We recommend filtering most of your queries on one of these columns for optimal performance of queries.
If you opt to join multiple views together, it is recommended you apply a date filter on both tables being joined to improve performance. For example, the sample query above section should become:
SELECT ... FROM antenna.shared_impression_details_view i LEFT JOIN antenna.shared_attributed_conversions_view c ON i.auction_id = c.auction_id WHERE i.bid_time_utc >= ‘2020-03-01 00:00:00’ AND c.bid_time_utc >= ‘2020-03-01 00:00:00’
For customer-friendliness, these views are generated by joining multiple tables together under the hood.
The data joined together is Bid Requests (Auctions) and Bid Responses (Bids), because an Auction can have multiple bids sent from your bidder. When the data is joined together, Bid Request data may be duplicated for each Bid Response. You should notice this in any query that is trying to calculate unique auctions being bid upon vs. unique total bids.
Similarly, as a result, each of these tables has multiple potential date filters. To optimize the query the view runs under the hood. The relevant columns to filter on are
bid_response_bid_time_utc. So, for example, a well-optimized query would look like the following:
SELECT * FROM shared_bid_response_feedback_view WHERE bid_response_bid_time_utc > '2020-03-08' AND bid_request_bid_time_utc > '2020-03-08'
If you do not need all results in a query, such as simply to preview results in a table, we recommend specifying a
LIMIT clause to your query. Doing so, allows your query to exit early and will not need to process all rows before returning a result.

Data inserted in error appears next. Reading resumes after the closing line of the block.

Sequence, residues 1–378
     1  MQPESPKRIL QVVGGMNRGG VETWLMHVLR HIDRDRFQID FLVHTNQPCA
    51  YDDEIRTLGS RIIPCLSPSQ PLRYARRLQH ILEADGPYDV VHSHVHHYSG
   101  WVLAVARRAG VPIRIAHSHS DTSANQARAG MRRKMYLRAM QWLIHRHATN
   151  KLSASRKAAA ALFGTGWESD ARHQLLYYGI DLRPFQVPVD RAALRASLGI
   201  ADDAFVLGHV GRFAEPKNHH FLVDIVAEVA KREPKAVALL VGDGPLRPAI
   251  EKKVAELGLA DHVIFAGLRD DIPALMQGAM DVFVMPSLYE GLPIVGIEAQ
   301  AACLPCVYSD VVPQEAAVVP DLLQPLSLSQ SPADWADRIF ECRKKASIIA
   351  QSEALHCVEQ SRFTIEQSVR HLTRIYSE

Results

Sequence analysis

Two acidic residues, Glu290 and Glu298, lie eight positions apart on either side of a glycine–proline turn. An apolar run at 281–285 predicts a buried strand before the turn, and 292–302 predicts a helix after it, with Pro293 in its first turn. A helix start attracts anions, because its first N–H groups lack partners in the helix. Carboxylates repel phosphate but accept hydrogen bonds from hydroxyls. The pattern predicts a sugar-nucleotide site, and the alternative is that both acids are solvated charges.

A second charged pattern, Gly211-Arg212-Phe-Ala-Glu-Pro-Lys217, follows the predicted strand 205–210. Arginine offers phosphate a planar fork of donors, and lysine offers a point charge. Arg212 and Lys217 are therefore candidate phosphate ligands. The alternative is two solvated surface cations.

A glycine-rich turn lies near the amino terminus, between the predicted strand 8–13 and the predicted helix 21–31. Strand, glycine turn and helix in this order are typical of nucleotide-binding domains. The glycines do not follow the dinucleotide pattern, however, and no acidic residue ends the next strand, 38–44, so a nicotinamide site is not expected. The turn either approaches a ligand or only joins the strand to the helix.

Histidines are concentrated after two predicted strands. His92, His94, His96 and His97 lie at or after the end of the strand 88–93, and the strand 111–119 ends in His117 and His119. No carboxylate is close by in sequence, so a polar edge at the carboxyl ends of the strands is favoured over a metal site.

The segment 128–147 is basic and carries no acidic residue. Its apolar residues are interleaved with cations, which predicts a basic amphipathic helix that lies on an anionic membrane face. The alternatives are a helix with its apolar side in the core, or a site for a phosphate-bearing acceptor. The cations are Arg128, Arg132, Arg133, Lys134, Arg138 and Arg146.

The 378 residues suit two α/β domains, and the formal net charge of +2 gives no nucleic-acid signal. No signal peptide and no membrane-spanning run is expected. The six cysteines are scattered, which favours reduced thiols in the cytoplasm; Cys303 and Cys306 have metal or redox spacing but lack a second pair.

When writing SQL certain keywords will be more computationally taxing on Snowflake, and as a result will incur more compute costs. In many cases, queries can be written without using these.
Ordering is sometimes a necessary part of an analysis, but ordering results requires all results to be processed before a result can be returned. Ordering can also be computationally complex especially when ordering on fields like string values. Ordering will also nullify any benefit of
Ordering is typically fine in most queries, but if it’s not a necessary part of your analysis, you will run more efficient queries with it omitted.
Sometimes it is necessary to get a count of distinct items in a set. When run across large datasets
COUNT(DISTINCT ...) will consume large amounts of resources. If you can sacrifice exactness for approximation, Snowflake offers support for Approximate Distinct Counts via a HyperLogLog algorithm. You can use this with the
APPROX_COUNT_DISTINCT() SQL functions.
Customers using the hosted version of Beeswax’s Antenna Product have the ability to create and resize their own warehouses just as a full-featured Snowflake customer would. Warehouse size denotes an amount of dedicated compute resources for queries. By default Beeswax provisions a single Medium Warehouse for you, but you may create new ones.
Larger warehouses will consume more credits, but will also run queries more quickly. Depending on your use case, it may be worthwhile to create a larger warehouse for specific queries.
You can create a new Warehouse in the UI or via SQL commands. For example:
CREATE OR REPLACE WAREHOUSE my_wh WITH WAREHOUSE_SIZE = 'X-LARGE' AUTO_SUSPEND = 60;
Note that new warehouses need to have an auto suspend policy set or they will only suspend after 10 minutes of inactivity. You are charged for non-idle time of a warehouse, and a warehouse will suspend after a specified amount of activity. When creating a new warehouse you will likely want to set this to a low value.
If you wish to resize a warehouse this can also be done via the UI or with SQL commands. Find more information on warehouses in Snowflake’s Documentation for Warehouses.
Antenna SQL access is based on Snowflake. You can access Snowflake’s SQL Documentation here, and can assist you with most questions about queries.
Updated 8 months ago